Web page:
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Yoga originated from India more than 5,000 years ago. From there, it spread to various parts of Asia, and later on, during the latter parts of the 20th century, Europe and America had adopted yoga as well. The word “yoga” encompasses almost all types of meditations and exercises related to the improvement of the physical and psychological state. In western countries, meditation focuses on exercises built around the asanas, physical positions that are also referred to as lotus. The meditation and breathing exercises that yoga incorporates is crucial in this practice because it is used to restore the balance of the mind. Some people derive therapeutic effects from merely observing it, while others incorporate it into their practice of pranayama, a school of yoga that concentrates on breathing exercises.

Yoga nowadays seem to have borrowed some of its meaning from the English word ‘yoke.’ In essence, the western countries’ practice of yoga is usually associated with union, whether with an absolute being or God or union with an inner being – the self. Meditation can be active or passive. Passive meditation is often considered more spiritual because it involves quiet contemplation and eventual understanding of life. Active meditation, on the other hand, serves a more tangible purpose: better physique, stress control, mental clarity, and overall health.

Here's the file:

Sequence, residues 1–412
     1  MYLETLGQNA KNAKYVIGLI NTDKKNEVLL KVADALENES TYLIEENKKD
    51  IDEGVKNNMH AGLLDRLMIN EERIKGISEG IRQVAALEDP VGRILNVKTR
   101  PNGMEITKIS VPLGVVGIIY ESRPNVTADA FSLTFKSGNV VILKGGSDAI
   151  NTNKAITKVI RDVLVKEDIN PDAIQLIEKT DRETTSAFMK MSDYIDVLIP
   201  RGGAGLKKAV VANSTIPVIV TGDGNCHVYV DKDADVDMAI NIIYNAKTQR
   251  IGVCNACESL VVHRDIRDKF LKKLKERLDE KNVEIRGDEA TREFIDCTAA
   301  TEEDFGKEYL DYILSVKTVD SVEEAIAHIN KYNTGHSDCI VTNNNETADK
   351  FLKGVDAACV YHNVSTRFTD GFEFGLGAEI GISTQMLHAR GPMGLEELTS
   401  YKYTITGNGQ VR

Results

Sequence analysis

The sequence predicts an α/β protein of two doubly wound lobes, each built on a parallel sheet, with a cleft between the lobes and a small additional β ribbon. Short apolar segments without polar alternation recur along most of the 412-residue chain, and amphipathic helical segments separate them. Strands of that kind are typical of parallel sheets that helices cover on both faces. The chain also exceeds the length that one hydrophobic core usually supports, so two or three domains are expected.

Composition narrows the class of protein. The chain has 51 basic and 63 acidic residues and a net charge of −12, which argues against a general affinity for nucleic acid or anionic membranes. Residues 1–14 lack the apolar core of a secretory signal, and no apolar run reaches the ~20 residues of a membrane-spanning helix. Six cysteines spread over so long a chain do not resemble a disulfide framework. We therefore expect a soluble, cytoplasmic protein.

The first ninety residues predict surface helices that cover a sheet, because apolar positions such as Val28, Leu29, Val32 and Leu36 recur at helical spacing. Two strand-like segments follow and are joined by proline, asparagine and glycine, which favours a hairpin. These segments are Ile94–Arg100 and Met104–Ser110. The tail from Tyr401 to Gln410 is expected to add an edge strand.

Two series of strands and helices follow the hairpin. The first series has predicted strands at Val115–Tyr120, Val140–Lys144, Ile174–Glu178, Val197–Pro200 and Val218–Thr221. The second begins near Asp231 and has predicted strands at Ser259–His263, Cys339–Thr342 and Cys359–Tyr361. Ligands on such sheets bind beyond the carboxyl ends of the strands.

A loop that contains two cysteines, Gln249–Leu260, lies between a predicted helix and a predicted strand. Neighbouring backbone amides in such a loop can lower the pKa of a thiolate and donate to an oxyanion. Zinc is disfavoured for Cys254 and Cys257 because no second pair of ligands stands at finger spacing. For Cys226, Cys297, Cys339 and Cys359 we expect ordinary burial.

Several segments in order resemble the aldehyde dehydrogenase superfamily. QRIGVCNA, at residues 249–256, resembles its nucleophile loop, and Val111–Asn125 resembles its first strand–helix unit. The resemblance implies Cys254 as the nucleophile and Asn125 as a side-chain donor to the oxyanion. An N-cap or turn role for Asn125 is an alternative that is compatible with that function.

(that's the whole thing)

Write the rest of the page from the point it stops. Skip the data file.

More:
Traditional yoga is concerned with enlightenment. Many schools or types of yoga, called paths, have evolved from this principle.

Bhakti yoga. This type has love and devotion at its core. It involves many rituals and ceremonies such as chanting mantras or lighting incense. Bhakti yoga is often practiced with a guru, essentially a sponsor or a mentor. It is popular because its core responds to the desire of all creatures to experience love and give love.

Hatha yoga. The physical aspect of the person is the main focus of Hatha yoga. The body’s physical strength is developed so much that eventually, the body cannot feel pleasure or pain or even heat and cold. Hatha yoga is concerned primarily with the cleaning of the nervous system and strengthening it.

Jnana yoga. In complete opposition with Hatha yoga, it is primarily concerned with the development of knowledge, wisdom, and insight. The body is perceived to be an impediment towards the knowledge that life is merely a vessel towards the eternal. Practitioners are also taught to develop disdain for and discomfort in the physical aspect.

Karma yoga. At the core of this path is service. This path aims to teach people how to be of service to fellow living creatures and to God. People who are fond of helping other people and building bonds with the community are likely to be comfortable with this path.